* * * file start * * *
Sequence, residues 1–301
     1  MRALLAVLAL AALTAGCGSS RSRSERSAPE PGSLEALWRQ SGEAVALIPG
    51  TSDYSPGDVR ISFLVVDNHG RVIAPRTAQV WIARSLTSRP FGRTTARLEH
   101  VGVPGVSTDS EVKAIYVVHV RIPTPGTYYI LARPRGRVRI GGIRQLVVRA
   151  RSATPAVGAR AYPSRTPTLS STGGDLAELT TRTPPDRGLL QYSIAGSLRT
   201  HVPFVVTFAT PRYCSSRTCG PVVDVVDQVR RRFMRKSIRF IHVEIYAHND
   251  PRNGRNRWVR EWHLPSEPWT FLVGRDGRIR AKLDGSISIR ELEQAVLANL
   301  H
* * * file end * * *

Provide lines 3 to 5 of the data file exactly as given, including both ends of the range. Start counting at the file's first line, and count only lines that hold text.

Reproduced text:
    51  TSDYSPGDVR ISFLVVDNHG RVIAPRTAQV WIARSLTSRP FGRTTARLEH
   101  VGVPGVSTDS EVKAIYVVHV RIPTPGTYYI LARPRGRVRI GGIRQLVVRA
   151  RSATPAVGAR AYPSRTPTLS STGGDLAELT TRTPPDRGLL QYSIAGSLRT